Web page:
“That was kind of a little bit bittersweet, a little bit emotional. But, you know what, we’re fine. And Seán loved it. He absolutely loved it. They, the club, were so amazing to him. And it was just great. Like seeing his reaction, you know, when he got there, we knew it was the right thing to do. Even though he’s back there and not the same. You know, he’s in a wheelchair at the end of the day. And he can’t express fully how he feels. But his face kind of said everything and when the crowd was belting out You’ll Never Walk Alone: then you know you’ve done the right thing.”
On a macro level, Liverpool Football Club is a sports behemoth and a business. But in its corridors, it is, like any organisation, defined by its people. The Cox family was still at Seán’s hospital bedside when Kenny Dalglish, the ultimate Kop god, called into visit. He sat with the family in the coffee shop. The waitress was so star-struck that she asked Dalglish and Dalglish alone what he would like. Dalglish the football man can be canny and curt: the man the Cox family met was warm and relaxed and couldn’t do enough.
Seán Cox and Dalglish are now on friendly terms. There are many photos of the Liverpool players carrying banners with Seán Cox’s name. When Liverpool won the league title for the first time in 28 years in 2018, then-chairman David Moores paid tribute to the Hillsborough victims and to Seán Cox in a message. In a legal sense, the assault on Seán Cox happened outside Anfield: it wasn’t the club’s responsibility. Morally, and emotionally, it was different. “I like to think any club would have done the same,” team manager Jurgen Klopp told Matt Cooper in an interview with the Cox family. During the fundraising period, the club was centrally involved. Now, any time Seán wishes to see a match, Martina just has to send an email. They were most recently there for the riveting 2-2 draw with Arsenal.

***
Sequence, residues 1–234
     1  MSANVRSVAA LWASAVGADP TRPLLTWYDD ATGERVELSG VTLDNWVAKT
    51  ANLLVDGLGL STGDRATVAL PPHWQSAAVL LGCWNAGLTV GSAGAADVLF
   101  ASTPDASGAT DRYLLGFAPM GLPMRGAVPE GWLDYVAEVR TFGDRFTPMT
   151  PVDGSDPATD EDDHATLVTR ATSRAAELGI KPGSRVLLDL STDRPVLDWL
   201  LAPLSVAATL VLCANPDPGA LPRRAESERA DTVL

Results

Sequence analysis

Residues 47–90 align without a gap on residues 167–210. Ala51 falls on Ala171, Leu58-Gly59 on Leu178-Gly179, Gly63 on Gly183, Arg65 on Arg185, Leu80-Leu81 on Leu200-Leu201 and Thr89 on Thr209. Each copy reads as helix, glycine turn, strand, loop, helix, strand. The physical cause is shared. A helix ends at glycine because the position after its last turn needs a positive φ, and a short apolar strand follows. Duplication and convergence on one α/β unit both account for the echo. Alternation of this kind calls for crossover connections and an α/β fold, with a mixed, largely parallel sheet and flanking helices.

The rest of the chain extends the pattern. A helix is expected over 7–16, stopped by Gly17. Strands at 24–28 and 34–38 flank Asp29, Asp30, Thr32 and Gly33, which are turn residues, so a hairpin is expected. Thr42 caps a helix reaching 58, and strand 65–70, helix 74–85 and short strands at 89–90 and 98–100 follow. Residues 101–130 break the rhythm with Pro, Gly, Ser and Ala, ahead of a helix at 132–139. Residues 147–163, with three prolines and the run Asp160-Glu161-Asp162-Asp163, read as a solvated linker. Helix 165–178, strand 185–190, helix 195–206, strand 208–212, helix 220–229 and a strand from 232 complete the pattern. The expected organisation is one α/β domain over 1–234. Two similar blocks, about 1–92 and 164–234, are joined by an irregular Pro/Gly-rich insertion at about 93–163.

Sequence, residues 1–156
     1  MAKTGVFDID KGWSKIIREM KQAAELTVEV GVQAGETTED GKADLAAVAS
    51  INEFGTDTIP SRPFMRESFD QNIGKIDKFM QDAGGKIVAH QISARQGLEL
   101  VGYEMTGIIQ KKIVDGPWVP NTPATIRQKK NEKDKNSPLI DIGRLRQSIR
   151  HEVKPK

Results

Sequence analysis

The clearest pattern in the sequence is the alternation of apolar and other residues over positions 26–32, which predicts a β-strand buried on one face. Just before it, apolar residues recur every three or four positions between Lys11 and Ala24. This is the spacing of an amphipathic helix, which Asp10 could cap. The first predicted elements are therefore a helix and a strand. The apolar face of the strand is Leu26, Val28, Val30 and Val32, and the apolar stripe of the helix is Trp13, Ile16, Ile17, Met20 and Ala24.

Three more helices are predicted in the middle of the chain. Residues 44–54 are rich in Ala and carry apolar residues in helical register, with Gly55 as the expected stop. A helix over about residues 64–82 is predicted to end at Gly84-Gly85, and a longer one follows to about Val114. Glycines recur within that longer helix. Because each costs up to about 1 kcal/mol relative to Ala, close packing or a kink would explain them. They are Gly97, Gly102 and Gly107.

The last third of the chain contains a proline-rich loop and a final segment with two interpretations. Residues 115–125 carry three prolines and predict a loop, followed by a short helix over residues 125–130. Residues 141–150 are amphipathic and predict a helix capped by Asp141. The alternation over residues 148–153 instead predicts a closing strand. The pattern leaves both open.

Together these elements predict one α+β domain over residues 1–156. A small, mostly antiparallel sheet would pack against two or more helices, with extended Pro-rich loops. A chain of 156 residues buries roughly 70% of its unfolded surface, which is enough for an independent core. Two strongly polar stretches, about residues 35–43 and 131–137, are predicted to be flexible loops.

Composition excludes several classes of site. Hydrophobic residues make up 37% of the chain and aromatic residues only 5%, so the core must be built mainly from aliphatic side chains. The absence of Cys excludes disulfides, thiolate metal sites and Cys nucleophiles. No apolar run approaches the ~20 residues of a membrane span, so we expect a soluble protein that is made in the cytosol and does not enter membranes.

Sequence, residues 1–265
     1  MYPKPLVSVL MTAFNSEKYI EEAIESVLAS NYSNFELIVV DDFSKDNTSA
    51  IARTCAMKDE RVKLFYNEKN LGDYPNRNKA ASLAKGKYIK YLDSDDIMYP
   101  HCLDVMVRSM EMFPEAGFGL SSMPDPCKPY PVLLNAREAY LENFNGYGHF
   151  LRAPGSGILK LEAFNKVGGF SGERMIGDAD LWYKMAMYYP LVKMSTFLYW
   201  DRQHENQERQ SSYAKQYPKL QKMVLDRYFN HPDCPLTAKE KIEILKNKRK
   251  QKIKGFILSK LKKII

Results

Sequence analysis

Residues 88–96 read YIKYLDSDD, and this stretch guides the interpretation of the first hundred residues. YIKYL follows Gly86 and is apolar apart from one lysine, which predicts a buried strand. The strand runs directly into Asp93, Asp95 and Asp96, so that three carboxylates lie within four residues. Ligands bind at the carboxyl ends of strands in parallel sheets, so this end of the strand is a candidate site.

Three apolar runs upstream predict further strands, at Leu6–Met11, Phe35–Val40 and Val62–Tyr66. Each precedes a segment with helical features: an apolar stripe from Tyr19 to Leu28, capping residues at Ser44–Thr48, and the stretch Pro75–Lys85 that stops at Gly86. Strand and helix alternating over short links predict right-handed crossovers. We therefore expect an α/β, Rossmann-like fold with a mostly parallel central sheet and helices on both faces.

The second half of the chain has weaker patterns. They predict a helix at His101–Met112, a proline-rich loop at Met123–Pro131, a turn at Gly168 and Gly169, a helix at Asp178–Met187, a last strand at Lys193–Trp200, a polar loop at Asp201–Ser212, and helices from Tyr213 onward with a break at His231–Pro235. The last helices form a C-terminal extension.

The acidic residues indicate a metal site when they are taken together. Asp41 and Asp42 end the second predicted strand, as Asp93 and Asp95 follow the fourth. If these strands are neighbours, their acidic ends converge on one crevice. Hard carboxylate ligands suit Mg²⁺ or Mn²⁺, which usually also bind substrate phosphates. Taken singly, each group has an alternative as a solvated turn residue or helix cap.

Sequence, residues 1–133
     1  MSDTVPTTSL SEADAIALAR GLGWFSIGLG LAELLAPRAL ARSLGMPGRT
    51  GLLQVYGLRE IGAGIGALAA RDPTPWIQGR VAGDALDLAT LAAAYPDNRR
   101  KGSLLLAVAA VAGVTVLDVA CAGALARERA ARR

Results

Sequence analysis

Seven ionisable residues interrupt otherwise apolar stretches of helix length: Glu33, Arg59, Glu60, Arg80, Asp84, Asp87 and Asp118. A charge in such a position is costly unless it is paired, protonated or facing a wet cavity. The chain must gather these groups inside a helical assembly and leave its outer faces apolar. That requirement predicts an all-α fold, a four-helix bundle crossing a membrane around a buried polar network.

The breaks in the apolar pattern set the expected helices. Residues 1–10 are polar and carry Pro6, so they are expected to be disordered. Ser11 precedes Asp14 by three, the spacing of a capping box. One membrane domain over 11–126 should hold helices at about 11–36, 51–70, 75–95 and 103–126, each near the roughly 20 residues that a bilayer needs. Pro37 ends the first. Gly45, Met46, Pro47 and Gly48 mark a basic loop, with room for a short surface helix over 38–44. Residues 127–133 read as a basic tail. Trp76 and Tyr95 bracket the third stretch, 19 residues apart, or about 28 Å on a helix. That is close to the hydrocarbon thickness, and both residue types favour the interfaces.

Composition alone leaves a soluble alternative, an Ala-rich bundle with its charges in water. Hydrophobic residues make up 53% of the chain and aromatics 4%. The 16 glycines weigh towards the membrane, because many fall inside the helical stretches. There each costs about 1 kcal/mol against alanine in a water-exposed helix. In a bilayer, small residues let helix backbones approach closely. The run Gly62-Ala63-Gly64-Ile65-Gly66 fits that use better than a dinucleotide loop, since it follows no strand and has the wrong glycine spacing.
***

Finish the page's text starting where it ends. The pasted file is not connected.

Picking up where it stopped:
‘Hugging each other’
“We are not in touch with the club on a weekly or even monthly basis now. But you get that sense that he is very much welcome. Nothing is a problem. And people always want to see him. They would make a point of bringing us down. Seán and Jack were in the dressing room. Jack said that was amazing. Seán loved Mo Salah and Salah was grabbing him. When he first met Klopp, the two were just hugging each other. I think Klopp was quite emotional, hugging Seán.”
The family live in a pleasant estate on the fringes of Dunboyne. The home is gorgeous and welcoming and subtly recalibrated to allow Seán to move freely in his wheelchair. A trust fund, to which well-wishers donated in their droves, made what was a seismic life shift manageable, but the family took the decision to close it a while back. “We just felt there are other deserving causes out there too,” Martina says.